Category «Elasmosauridae»

Elasmosaurid skeleton excavated in Alberta

A giant plesiosaur has been discovered and excavated from the Late Cretaceous Bearpaw Shale of Drumheller, southern Alberta, Canada. According to the press release the fossil remains were found in an ammolite mine by staff from Korite International (‘Ammolite’ is a gemstone, not to be confused with the prehistoric cephalopod ‘ammonite’).

Elasmosaurus to feature in new exhibit (PART 2)

A special exhibition entitled “Collecting Oklahoma” opened in the Sam Noble Oklahoma Museum of Natural History, on the 16th of June 2007. The exhibition features an original painting of an Elasmosaurus by artist Debby Cotter Kaspari. The exhibit was curated by Rick Lupia, the project coordinator was Deborah Kay, and Tom Luczycki was the exhibits director.

Elasmosaurus to feature in new exhibit (PART 1)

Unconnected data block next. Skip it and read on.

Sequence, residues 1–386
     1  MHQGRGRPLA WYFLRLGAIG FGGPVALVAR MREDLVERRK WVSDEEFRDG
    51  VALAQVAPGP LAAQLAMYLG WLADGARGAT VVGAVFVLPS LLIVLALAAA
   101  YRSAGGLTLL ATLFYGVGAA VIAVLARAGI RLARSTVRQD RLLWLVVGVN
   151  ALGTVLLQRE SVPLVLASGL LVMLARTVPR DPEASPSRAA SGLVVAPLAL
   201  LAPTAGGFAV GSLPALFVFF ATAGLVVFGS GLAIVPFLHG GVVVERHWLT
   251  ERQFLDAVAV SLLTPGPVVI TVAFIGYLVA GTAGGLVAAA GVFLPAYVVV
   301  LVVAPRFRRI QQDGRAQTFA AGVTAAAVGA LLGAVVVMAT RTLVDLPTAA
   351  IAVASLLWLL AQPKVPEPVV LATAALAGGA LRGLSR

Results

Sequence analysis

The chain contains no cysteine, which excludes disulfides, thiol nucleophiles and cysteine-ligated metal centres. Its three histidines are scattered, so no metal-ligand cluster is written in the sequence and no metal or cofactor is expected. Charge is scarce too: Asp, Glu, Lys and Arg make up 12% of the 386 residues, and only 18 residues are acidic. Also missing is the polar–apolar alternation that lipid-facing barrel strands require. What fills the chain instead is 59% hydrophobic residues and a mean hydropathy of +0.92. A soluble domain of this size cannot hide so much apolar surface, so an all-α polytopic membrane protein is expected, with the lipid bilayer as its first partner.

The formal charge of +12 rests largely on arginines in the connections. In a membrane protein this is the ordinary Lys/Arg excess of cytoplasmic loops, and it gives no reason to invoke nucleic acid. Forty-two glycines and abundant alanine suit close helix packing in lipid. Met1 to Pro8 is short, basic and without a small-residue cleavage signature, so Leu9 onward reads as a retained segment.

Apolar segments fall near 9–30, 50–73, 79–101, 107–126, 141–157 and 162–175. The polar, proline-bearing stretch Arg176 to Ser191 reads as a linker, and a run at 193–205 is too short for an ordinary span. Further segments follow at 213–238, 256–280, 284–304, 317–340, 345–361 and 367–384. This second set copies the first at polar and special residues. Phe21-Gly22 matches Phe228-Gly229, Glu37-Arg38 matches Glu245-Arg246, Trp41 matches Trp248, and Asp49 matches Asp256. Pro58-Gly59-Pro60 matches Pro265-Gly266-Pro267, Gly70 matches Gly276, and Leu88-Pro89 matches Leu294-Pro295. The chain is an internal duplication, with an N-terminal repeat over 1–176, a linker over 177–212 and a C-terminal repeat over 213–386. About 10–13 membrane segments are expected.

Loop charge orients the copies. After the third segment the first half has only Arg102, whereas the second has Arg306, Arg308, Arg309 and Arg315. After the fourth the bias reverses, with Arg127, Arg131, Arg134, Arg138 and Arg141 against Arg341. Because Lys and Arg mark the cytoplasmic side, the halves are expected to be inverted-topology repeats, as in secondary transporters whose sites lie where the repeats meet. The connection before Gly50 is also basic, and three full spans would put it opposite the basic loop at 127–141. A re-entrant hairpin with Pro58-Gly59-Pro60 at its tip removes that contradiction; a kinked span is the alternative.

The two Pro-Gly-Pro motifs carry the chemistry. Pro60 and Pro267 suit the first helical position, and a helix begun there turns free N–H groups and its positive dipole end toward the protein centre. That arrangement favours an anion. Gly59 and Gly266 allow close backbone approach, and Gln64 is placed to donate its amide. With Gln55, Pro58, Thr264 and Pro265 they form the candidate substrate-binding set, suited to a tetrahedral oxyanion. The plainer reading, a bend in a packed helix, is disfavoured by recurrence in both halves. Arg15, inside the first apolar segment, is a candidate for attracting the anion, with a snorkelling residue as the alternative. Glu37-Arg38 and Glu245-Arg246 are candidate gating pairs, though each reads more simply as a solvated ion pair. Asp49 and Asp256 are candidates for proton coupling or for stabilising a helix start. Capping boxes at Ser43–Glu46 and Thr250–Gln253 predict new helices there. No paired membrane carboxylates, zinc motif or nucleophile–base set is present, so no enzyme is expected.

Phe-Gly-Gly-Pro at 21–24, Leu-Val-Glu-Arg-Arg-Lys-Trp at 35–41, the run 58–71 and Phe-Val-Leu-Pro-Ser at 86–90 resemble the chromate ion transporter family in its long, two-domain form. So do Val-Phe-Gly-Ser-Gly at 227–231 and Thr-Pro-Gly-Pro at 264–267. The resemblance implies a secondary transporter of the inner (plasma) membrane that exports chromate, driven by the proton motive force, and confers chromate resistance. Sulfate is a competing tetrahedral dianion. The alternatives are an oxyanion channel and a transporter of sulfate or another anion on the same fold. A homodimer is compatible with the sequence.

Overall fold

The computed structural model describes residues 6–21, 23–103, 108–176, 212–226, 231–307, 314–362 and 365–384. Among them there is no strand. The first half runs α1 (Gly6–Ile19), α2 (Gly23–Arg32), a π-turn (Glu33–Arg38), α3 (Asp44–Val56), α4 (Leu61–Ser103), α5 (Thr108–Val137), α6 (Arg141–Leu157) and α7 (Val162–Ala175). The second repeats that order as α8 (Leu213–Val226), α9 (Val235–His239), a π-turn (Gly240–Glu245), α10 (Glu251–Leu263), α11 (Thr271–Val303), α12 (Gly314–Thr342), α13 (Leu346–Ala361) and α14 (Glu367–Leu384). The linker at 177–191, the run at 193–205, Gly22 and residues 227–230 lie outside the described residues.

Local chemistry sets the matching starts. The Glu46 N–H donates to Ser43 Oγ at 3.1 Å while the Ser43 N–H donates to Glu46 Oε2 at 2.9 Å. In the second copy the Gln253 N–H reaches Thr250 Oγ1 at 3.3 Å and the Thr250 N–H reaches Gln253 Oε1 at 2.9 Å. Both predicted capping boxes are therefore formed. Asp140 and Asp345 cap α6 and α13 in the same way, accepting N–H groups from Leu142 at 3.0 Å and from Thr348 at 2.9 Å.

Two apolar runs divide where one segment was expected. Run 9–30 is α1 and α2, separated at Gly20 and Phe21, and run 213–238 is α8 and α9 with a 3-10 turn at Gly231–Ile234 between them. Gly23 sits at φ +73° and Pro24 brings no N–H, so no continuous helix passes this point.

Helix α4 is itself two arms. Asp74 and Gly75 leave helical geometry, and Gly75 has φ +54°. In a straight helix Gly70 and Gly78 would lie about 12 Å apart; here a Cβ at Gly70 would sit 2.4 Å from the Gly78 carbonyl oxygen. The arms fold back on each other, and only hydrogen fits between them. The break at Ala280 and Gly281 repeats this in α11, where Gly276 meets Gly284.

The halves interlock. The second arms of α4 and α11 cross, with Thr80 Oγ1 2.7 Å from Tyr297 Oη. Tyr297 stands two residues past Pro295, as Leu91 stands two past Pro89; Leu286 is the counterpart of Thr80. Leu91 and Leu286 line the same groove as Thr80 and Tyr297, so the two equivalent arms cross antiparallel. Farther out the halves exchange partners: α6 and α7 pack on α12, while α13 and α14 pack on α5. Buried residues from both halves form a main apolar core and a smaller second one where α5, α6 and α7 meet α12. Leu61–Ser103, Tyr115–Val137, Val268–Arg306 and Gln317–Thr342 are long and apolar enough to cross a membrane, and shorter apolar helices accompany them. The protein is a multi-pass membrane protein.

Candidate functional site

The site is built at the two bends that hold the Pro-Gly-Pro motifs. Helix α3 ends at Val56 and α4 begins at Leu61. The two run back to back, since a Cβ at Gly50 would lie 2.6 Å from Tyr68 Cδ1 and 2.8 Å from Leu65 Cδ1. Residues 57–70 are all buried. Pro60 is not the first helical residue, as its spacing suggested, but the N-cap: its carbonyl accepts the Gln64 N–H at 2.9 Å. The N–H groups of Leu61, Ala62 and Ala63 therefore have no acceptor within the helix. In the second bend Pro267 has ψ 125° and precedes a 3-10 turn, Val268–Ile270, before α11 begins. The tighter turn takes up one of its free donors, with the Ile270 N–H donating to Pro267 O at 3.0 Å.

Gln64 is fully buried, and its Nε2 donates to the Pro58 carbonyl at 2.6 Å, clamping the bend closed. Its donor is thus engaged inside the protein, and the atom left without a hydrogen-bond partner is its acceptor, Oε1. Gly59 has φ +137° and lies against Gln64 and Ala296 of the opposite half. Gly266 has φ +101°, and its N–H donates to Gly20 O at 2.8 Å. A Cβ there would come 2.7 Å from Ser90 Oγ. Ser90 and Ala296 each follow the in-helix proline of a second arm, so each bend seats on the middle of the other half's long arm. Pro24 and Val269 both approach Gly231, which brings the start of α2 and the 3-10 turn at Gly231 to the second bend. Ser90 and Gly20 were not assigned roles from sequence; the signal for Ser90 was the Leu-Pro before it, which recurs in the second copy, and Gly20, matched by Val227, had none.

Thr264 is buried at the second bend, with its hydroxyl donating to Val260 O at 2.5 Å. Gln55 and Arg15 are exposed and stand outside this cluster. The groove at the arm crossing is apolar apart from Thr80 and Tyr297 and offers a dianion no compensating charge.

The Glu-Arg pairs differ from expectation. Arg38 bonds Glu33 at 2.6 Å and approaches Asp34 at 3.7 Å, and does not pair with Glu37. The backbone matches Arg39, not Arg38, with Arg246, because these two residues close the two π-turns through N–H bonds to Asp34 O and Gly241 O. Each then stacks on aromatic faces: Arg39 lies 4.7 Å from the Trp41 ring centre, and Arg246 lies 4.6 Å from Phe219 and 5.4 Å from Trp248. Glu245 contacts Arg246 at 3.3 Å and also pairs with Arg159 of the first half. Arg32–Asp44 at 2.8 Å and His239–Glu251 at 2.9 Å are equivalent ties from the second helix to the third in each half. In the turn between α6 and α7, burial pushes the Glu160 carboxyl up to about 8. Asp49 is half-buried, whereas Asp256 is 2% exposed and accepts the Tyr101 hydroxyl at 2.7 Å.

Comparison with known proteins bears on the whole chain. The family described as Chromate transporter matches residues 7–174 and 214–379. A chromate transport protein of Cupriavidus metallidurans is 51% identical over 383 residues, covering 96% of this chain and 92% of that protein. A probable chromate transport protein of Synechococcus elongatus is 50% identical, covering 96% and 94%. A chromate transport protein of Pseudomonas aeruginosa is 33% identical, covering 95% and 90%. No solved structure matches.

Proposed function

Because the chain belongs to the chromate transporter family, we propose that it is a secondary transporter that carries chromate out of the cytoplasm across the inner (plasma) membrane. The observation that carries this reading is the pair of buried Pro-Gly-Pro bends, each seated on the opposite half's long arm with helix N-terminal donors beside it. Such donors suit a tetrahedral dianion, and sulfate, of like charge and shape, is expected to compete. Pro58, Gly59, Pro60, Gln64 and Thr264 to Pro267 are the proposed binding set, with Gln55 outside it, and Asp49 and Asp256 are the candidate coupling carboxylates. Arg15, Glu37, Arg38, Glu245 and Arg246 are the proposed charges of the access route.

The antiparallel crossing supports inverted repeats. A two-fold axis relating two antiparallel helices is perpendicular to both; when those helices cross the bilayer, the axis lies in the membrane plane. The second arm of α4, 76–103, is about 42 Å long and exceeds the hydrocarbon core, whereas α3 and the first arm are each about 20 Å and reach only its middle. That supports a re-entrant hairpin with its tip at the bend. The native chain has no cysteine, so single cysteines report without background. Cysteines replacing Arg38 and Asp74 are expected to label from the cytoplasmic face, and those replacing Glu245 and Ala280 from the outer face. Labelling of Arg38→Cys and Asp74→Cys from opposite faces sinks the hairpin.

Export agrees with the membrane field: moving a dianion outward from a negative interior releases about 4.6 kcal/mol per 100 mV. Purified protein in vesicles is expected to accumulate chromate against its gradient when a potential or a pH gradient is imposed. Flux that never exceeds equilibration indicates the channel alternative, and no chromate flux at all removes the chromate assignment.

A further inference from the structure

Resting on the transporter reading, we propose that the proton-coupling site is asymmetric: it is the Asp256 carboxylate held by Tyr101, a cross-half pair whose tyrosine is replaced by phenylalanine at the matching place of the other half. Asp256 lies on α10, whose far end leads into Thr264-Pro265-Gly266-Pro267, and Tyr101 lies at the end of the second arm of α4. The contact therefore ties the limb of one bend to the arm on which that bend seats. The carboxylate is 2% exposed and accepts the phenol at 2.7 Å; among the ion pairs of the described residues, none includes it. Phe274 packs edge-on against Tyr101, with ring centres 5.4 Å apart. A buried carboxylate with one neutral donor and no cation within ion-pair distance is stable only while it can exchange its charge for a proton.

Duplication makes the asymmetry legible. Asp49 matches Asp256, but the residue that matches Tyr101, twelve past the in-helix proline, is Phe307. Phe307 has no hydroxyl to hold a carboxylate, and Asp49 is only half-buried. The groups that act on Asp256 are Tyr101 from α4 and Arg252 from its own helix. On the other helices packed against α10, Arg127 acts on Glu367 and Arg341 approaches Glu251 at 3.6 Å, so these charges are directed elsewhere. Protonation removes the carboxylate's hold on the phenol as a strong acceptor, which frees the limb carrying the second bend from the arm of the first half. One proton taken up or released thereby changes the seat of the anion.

Artist Debby Cotter Kaspari has produced an Elasmosaurus painting as part of a special exhibition in the Sam Noble Oklahoma Museum of Natural History entitled “Collecting Oklahoma”, scheduled to open on the 16th of June 2007. The exhibit will present a selection of rare and unique specimens collected around Oklahoma by the museum over the last decade.

First elasmosaurid plesiosaur from Montana announced

Elasmosaurid plesiosaurs are notorious for ‘losing their heads’. In fossil plesiosaur skeletons the skull is frequently missing, unfortunate because this is such a vital part of the anatomy for understanding the relationships and biology of the animal. This fact makes the discovery of a new elasmosaurid skull, the first ever from the state of Montana, all the more significant.

Research suggests long-necked plesiosaurs fed on seabed

The long neck of the plesiosaur is a mysterious adaptation for which many hypotheses have been proposed. The most recent suggestion comes from Dr Leslie Noè of the University of Cambridge . After examining the neck vertebrae of the long-necked plesiosaur Muraenosaurus, whose name translates as ‘Moray eel lizard’, Dr Noè concluded that the natural position of the neck was a downwards curve towards the seabed.